• What is your drug representative policy? Many private practices and even some hospitals allow drug representatives to come in and pitch their medications to physicians. Some may offer kickbacks to physicians who prescribe certain drugs, which makes it difficult for doctors to be objective about medications. Your doctor should tell you if they work with reps from a certain company, or if their relationship with a drug representative pushed them to prescribe a boxed warning drug to you.

How to Report an Event

While your doctor is obligated to report adverse events they see or that you tell them about, it’s important to be proactive if you experience a concerning side effect. Luckily, the FDA makes it easy to report these types of events, which means you have a great way to help other consumers stay safe. If you or a family member has experienced a severe drug side effect that is not covered in the side effects section of the medication guide on the drug, there are a few ways you can alert the FDA.

  • Submit an Electronic report: The FDA uses a system called MedWatch to track electronic complaints. You can visit them to submit complaints about serious drug side effects, medication errors/product use errors, product quality problems, and therapeutic failures. MedWatch should not be used for reporting issues with vaccines, investigational drugs (still under study), or dietary supplements.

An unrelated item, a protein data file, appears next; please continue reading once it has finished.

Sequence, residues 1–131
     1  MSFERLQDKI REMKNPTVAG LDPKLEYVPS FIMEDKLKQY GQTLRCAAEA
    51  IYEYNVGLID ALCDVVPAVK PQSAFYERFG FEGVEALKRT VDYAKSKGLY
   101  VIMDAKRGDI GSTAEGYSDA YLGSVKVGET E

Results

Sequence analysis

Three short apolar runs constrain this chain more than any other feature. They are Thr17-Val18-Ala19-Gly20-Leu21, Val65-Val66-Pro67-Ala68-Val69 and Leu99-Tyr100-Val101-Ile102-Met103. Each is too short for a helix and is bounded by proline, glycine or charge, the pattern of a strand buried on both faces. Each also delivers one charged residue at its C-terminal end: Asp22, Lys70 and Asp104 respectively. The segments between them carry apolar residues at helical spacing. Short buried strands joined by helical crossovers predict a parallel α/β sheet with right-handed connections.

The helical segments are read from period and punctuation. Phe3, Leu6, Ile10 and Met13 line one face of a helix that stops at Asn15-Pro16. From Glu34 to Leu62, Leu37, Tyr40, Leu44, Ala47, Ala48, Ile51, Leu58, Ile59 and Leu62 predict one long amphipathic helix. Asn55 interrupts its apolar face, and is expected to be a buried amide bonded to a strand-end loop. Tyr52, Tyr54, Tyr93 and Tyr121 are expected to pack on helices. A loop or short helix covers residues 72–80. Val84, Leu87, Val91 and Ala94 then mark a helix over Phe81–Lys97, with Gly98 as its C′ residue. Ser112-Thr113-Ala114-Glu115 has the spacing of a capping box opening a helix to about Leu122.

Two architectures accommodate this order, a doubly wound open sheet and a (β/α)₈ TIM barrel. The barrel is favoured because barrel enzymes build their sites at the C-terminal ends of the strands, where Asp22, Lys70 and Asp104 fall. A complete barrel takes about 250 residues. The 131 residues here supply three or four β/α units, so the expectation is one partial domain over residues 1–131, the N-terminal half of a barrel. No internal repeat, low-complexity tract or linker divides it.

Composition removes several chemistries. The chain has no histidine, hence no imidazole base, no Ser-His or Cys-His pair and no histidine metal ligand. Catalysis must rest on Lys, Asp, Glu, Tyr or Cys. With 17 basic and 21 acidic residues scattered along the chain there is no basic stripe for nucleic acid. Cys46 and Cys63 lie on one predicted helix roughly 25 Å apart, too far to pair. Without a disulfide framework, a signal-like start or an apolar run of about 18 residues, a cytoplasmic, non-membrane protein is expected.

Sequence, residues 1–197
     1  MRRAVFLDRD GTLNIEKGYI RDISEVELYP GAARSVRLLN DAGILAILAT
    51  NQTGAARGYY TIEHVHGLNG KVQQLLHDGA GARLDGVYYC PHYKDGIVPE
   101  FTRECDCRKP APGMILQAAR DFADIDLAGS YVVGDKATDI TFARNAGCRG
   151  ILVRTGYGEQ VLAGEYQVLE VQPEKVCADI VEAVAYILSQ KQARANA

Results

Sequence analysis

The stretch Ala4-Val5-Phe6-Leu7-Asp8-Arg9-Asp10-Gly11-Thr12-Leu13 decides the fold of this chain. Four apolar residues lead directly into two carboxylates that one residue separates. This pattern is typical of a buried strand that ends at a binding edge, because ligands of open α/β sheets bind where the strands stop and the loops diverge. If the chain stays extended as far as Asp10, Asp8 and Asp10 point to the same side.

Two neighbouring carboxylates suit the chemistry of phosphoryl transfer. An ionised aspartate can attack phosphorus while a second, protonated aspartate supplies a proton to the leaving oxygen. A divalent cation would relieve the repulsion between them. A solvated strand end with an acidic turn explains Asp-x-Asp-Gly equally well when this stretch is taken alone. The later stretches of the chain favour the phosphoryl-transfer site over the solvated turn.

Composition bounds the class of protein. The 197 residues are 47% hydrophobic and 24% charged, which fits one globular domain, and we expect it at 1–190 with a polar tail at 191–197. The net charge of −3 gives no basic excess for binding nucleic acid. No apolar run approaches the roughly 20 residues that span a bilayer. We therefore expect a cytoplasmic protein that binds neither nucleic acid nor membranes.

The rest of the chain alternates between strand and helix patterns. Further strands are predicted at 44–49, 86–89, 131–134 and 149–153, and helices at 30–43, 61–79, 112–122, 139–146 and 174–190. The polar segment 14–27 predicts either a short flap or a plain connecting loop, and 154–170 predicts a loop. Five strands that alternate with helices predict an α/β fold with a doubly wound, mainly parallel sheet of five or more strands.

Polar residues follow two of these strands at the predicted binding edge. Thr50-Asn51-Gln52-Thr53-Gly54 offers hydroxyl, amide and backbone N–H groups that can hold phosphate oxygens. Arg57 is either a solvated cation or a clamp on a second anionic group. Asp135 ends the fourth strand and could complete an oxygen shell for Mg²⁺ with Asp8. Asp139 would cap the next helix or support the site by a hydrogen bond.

• Mail It In: The FDA also provides a PDF of the report form, which you can print, fill out, and send back to them. Again, this form is only for approved medications, not supplements or vaccines.
  • Call Them Directly: You can call the FDA at 1-800-FDA-1088 to report adverse events via telephone.

You can also check in on your report, or ask for the general information regarding adverse events linked to a drug. The 1996 amendments to the Freedom of Information Act give you the right to access this information at any time. Healthcare providers and third parties are also allowed to access the information, and may view your report, but they cannot see your patient files without written consent from you.

Taking Medications with Confidence

It’s important to remember that black box warnings are just that: warnings. They are meant to inform prescribing decisions, so that your physicians can make the best drug choices for you. It’s rare for any drug to have no side effects at all, and most affect every individual differently; medication is about what is the best option, not what’s perfect and risk-free.

If you’re ever unsure about a drug or its side effects, talk with your doctor or pharmacist, and make sure you’re being properly monitored for adverse events. Always follow dosing guidelines, and make sure to call for help in the case of a medication mix-up or drug overdose. In the case of an adverse reaction, help your fellow consumers by reporting the issue to the FDA. That way, we can take one more step toward ensuring the health and safety of every patient, whether they’re taking life-saving drugs for a severe illness or simply medicine to stem a winter cold.